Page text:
July 15, 2010
Oases for Wildlife
Animal-friendly ponds transform ordinary backyards into vibrant mini-ecosystems
by Ruthanne Johnson
Tom Gatz’s yard in Phoenix, Ariz., bustles with the comings and goings of wild visitors. Birds nest in the mesquite tree and cactus plants, carpenter bees burrow into dried agave stalks, geckos dart behind rocks, and the occasional hawk swoops in to grab a meal. And then there are the unique Couch’s spadefoot toads, who bleat like sheep as they emerge from their underground burrows once a year, after summer rains have softened the scorched earth.
The desert terrain seems an unlikely place for such a rich community. But since Gatz replaced a manicured lawn with native plants and an L-shaped pond, he’s counted among the visitors to his yard seven mammalian species, eight species of reptiles and amphibians, six dragonfly species, and 73 bird species.
Building the pond took 10 days of backbreaking excavation with a pickaxe, but the retired wildlife biologist viewed the work as a labor of love. For homeowners like him, creating and maintaining a pond is about more than aesthetics; it’s a way to nurture wildlife and perhaps help compensate for human activities that have destroyed wetlands and depleted natural water sources.
“In reality, most of our created and restored wetlands start off as ponds,” says Tom Dahl, “Then vegetation fills in around the edges and an ecological succession starts to take hold.”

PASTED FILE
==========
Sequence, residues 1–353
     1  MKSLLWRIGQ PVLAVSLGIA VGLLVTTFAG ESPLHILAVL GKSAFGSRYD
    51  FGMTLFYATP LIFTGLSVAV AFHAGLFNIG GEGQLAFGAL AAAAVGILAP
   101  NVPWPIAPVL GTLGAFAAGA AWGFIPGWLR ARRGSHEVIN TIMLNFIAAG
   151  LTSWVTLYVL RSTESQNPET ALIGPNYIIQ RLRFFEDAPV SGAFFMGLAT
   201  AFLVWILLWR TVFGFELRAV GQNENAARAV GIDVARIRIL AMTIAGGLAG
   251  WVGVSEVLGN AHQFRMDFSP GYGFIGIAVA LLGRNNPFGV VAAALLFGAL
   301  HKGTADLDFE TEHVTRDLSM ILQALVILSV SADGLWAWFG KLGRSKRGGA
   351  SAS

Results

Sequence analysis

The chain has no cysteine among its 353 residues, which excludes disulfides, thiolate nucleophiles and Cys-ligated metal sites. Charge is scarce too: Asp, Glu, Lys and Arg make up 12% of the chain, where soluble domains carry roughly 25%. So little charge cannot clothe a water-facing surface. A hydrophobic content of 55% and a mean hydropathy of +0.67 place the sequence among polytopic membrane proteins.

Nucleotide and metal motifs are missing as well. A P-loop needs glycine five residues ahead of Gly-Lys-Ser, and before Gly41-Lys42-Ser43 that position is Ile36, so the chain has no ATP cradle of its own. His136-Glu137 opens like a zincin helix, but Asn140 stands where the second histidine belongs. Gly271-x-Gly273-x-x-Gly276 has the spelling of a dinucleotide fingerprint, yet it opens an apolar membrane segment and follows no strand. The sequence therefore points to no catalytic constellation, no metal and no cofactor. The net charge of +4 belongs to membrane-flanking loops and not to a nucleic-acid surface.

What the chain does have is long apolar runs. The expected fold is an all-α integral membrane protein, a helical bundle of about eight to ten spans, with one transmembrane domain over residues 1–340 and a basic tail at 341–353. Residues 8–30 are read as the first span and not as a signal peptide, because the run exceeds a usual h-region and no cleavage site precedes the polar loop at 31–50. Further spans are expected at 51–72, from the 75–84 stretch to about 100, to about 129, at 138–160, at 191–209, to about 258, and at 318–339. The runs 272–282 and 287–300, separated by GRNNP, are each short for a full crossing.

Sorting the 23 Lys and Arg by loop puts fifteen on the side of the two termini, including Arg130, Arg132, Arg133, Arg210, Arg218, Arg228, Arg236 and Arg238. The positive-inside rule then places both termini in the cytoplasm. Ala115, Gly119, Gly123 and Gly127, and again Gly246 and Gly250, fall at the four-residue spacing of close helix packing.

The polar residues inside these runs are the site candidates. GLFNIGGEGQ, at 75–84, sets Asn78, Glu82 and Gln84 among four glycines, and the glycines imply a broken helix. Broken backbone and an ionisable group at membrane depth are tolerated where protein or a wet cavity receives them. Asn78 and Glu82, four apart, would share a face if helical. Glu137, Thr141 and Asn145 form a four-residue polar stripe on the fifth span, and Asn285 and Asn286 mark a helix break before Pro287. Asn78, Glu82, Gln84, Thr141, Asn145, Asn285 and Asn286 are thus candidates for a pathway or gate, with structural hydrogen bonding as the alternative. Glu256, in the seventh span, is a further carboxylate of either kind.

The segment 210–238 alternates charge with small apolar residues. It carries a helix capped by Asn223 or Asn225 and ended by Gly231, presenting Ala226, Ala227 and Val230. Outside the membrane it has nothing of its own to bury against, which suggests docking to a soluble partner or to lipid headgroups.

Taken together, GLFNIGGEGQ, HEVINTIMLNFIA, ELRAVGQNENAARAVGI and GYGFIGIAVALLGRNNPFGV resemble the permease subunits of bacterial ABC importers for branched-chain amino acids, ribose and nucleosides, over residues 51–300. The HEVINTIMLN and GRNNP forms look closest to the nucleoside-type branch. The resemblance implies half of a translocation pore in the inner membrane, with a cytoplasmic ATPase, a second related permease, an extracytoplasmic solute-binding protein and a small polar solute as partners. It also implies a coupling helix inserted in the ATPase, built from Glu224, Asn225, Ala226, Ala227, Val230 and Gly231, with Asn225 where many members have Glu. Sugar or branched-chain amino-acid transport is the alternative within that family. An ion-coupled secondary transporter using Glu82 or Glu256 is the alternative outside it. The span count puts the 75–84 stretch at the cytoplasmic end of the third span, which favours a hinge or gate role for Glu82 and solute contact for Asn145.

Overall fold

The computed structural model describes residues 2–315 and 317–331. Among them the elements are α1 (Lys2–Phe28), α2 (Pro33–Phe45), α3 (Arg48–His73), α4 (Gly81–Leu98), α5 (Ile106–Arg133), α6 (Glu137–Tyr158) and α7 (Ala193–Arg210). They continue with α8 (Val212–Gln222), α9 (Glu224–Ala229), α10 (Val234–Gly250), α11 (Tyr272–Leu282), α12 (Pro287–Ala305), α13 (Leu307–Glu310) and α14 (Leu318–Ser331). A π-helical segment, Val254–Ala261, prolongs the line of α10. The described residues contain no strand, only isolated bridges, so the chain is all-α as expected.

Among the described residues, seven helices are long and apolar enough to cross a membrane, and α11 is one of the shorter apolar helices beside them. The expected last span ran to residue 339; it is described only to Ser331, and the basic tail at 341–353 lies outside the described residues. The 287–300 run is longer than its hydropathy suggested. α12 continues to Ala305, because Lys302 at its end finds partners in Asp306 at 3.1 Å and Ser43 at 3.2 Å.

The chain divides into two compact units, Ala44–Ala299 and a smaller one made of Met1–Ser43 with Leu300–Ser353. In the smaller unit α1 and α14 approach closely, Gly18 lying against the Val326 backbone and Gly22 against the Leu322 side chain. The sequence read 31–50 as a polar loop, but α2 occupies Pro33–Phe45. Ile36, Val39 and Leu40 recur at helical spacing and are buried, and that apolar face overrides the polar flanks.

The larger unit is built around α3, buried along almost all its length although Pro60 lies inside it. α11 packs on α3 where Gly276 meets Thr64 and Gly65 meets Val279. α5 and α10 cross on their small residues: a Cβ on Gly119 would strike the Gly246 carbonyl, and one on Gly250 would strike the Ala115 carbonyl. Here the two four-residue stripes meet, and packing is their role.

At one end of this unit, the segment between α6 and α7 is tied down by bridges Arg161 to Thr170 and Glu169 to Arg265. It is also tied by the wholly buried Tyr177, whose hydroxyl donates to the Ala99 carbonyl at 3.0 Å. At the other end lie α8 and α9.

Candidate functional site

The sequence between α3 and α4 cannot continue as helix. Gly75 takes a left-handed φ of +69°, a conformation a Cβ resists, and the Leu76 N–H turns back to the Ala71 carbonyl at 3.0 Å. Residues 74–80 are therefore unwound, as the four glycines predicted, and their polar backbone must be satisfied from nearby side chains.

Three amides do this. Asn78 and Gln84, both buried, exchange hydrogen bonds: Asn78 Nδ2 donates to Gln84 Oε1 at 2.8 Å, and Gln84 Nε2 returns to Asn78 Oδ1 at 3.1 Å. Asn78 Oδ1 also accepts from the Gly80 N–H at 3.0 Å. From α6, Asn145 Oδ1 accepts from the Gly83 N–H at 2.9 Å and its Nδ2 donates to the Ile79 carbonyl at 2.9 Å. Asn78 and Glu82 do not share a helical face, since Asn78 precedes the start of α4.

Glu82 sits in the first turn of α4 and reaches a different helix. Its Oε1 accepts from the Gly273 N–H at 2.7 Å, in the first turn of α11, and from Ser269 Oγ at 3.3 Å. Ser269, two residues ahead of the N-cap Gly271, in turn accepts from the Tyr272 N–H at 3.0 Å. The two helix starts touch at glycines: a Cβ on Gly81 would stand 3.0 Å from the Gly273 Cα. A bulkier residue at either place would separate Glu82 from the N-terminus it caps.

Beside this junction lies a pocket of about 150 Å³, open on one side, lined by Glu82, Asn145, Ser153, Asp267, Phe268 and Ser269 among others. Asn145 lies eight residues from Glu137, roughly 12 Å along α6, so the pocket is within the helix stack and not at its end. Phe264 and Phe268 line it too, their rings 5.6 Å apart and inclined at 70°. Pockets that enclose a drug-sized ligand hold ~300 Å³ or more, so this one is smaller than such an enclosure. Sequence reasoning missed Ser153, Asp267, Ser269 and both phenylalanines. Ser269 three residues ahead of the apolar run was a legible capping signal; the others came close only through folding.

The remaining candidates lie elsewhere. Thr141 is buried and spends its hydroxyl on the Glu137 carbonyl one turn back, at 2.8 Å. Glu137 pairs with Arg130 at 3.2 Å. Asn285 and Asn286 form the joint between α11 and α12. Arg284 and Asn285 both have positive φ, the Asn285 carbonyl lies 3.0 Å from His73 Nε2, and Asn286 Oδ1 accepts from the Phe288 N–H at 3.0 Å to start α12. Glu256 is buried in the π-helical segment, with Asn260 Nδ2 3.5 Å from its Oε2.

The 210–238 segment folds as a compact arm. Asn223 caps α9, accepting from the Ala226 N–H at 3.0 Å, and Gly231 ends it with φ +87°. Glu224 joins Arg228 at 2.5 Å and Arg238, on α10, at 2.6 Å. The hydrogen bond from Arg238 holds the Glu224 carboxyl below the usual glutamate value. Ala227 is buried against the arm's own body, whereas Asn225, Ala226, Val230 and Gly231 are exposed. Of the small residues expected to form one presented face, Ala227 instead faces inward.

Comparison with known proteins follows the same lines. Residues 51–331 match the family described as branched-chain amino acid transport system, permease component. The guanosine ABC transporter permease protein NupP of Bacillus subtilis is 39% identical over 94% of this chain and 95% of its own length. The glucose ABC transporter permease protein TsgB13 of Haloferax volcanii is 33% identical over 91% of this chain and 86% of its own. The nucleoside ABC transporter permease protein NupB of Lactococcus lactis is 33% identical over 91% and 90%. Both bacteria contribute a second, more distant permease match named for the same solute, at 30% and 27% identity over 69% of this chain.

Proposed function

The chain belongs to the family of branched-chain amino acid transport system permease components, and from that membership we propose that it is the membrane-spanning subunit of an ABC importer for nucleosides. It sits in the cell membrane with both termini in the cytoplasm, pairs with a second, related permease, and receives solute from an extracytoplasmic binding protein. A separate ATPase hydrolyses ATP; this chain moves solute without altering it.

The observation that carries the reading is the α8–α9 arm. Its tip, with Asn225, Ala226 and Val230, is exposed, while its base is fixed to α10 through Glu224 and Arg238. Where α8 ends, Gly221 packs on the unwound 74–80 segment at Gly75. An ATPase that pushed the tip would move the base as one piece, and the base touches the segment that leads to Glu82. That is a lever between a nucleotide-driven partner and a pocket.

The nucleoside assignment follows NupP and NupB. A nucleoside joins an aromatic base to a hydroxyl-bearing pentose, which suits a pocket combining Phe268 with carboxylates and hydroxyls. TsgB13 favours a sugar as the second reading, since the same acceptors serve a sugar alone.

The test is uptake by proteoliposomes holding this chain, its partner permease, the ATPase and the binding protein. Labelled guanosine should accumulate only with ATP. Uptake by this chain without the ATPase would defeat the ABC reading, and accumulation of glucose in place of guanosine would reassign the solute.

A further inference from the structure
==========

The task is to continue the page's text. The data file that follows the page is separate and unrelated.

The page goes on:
Gatz notes that rivers in his area once served as a kind of highway for migrating birds who aren’t adapted to desert living. But many of the rivers have been dammed and are dry at least part of the year, meaning that “instead of having a ribbon of green, [the birds] really depend on islands of habitat. They have to hopscotch across the desert in the spring and fall.” Collectively, he says, backyard ponds can make a difference for these animals—“like a string of pearls.”
Wetlands have been in decline nationwide, depleted mainly by agriculture, poor forestry practices, development, and dam construction. The lower 48 states in the U.S. once contained more than 220 million acres of wetland habitat; today, only about half that amount remains, says Tom Dahl, senior scientist for wetland status and trends with the U.S. Fish and Wildlife Service.
Even with recent gains due to restoration and conservation projects, the net loss remains substantial. Dahl believes that water features can at the very least provide habitat in wetland-depleted areas. “In reality, most of our created and restored wetlands start off as ponds,” he says. “Then vegetation fills in around the edges and an ecological succession starts to take hold.”
In Minneapolis, Minn., Oralee Kirk and her husband, Timm Weiss, have seen nature’s pageantry unfold over the last 30 years while transforming their suburban yard into a north woods landscape. They have replaced grass, petunias, and pansies with native plantings like wild ginger, trillium, bloodroot, and Solomon’s seal, as well as brush piles, pine needle mulch, and— the jewel of the property—a wildlife pond.